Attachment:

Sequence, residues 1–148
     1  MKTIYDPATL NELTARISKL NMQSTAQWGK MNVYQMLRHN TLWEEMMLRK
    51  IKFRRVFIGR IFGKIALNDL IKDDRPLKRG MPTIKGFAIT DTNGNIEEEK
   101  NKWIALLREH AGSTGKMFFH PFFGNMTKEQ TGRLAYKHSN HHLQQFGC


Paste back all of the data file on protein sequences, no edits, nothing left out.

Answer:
Sequence, residues 1–148
     1  MKTIYDPATL NELTARISKL NMQSTAQWGK MNVYQMLRHN TLWEEMMLRK
    51  IKFRRVFIGR IFGKIALNDL IKDDRPLKRG MPTIKGFAIT DTNGNIEEEK
   101  NKWIALLREH AGSTGKMFFH PFFGNMTKEQ TGRLAYKHSN HHLQQFGC